Octopus tetricus

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Octopus tetricus
Gloomy Octopus-Octopus tetricus.JPG
Scientific classification edit
Kingdom: Animalia
Phylum: Mollusca
Class: Cephalopoda
Order: Octopoda
Family: Octopodidae
Genus: Octopus
Species: O. tetricus
Binomial name
Octopus tetricus
Gould, 1852[1]

Octopus gibbsi O'Shea, 1999

Octopus tetricus, the common Sydney octopus,[3] is a species of octopus from the warmer waters of eastern Australia and New Zealand.[2]


Octopus tetricus is normally coloured grey to mottled brown with rufous arm faces that taper towards the tip. Their eyes are typically white in colour, and the skin has many small regular shaped patches and large warty structures which are used by the octopus to make it look spiky, which are used by the octopus when it is camouflaging itself as seaweed.[3] The adults typically have an arm span of 2 metres (6.6 ft).[4]


Octopus tetricus is distributed in the subtropical seas of eastern Australia and northern New Zealand, including Lord Howe Island. At similar latitudes in Western Australia a closely related species or subspecies is found.[3]

Habitat and behaviour[edit]

Octopus tetricus occurs in the intertidal zone along rocky shores and in the ocean and it has been suggested that this species is associated more commonly with rocky reefs during the breeding season, although they frequent areas of the sea bed with soft-sediments for much of their life.[3] It is primarily a nocturnal feeder which uses its sharp beak to feed on crustaceans and molluscs, for example sea snails and bivalves. It has also been recorded as being cannibalistic.[3]

It is a territorial species which sits out the day in a lair among rocks and rubble, the rubble being collected to create a defensible lair. The lairs of this species can be identified by the shells of the octopus's prey which it scatters around its home. They move about the rocks by crawling using their arms but they can use their siphon to propel themselves through the water by generating a jet of water.[3] The females lay many 1-2mm eggs which are attached to the roof of a rock crevice in strings and these hatch into planktonic baby octopii. The females of O. tetricus have been know to cannibalise the males following mating.[3]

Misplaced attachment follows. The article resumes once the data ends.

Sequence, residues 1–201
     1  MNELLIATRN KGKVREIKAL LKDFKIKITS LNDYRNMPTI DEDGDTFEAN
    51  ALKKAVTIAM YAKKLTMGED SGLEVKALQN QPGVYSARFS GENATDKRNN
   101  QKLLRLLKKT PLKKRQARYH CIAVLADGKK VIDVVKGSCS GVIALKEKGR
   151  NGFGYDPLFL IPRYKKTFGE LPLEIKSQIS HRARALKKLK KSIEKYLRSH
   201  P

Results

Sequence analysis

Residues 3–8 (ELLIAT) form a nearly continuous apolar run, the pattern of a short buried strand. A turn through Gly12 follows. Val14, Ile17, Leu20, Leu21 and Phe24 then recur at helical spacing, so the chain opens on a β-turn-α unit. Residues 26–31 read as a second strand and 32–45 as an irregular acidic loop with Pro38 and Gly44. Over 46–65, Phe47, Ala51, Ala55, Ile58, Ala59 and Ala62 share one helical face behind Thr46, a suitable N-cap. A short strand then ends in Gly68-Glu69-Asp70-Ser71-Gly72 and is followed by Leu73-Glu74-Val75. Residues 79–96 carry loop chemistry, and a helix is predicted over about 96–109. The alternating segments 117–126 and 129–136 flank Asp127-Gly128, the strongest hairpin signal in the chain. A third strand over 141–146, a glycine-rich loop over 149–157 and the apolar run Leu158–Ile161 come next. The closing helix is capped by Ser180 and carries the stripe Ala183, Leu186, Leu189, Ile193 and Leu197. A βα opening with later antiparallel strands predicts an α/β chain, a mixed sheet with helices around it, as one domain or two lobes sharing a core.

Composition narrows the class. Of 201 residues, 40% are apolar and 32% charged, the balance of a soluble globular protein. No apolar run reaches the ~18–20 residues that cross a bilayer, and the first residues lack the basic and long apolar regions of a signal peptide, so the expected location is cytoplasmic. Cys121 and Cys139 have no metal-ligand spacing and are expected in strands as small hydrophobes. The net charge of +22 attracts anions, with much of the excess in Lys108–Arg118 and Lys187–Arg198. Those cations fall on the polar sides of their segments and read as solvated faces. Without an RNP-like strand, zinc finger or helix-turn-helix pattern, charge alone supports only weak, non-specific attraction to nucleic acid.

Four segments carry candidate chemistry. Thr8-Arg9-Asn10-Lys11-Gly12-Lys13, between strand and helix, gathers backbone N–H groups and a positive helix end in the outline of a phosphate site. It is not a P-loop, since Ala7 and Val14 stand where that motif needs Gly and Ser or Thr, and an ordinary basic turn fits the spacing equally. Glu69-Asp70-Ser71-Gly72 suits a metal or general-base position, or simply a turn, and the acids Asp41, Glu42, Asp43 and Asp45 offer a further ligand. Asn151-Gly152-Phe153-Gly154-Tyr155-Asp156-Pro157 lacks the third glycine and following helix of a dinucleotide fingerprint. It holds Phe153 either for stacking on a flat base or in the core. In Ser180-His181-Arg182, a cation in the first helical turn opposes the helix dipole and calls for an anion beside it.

Two areas in Jervis Bay where they congregate have been dubbed Octopolis[5] and Octlantis,[6] containing a large area of discarded shells where ten or more octopuses den and mate.[7][8]


Octopus tetricus may be caught as bycatch in trawl and lobster-pot fisheries and is then sold for both human consumption and for use as bait.[3]


  1. ^ "ITIS standard report - Octopus tetricus (Gould, 1852)". Integrated Taxonomic Information System. Retrieved 12 October 2014.
  2. ^ a b "Octopus tetricus Gould, 1852". World Register of Marine Species. Vlaams Instituut voor de Zee. Retrieved 29 January 2017.
  3. ^ a b c d e f g h "Common Sydney Octopus – Octopus tetricus". Australian Museum. 2012. Retrieved 29 January 2018.
  4. ^ "Atlas of Living Australia - Octopus tetricus (Gould, 1852)". Atlas of Living Australia. Retrieved 26 October 2014.
  5. ^ Godfrey-Smith, Peter; Lawrence, Matthew (October 8, 2012). "Long-term high-density occupation of a site by Octopus tetricus and possible site modification due to foraging behavior". Marine and Freshwater Behaviour and Physiology. 45 (4): 1–12. doi:10.1080/10236244.2012.727617.
  6. ^ Scheel, David; Chancellor, Stephanie; Hing, Martin; Lawrence, Matthew; Linquist, Stefan; Godfrey-Smith, Peter (September 1, 2017). "A second site occupied by Octopus tetricus at high densities, with notes on their ecology and behavior". Marine and Freshwater Behaviour and Physiology: 1–7. doi:10.1080/10236244.2017.1369851.
  7. ^ Douglas Main (28 January 2016). "Octopuses More Social Than Thought, Denizens of 'Octopolis' Prove". Newsweek. Retrieved 14 September 2017.
  8. ^ Erik Stokstad (13 September 2017). "Scientists discover an underwater city full of gloomy octopuses". Sciencemag. Retrieved 14 September 2017.